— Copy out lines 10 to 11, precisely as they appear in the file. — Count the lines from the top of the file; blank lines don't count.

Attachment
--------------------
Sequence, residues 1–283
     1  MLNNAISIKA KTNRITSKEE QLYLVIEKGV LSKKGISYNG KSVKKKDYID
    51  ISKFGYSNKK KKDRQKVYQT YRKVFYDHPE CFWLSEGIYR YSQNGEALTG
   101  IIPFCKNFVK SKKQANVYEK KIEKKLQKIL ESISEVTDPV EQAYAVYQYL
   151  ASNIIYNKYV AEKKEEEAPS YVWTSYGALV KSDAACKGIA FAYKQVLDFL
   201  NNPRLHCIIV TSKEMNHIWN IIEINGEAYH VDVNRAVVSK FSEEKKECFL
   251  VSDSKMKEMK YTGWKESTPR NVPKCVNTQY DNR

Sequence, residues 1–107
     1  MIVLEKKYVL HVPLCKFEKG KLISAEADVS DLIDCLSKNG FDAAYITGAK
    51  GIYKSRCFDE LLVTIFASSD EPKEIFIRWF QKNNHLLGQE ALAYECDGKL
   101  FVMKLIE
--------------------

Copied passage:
    51  GIYKSRCFDE LLVTIFASSD EPKEIFIRWF QKNNHLLGQE ALAYECDGKL
   101  FVMKLIE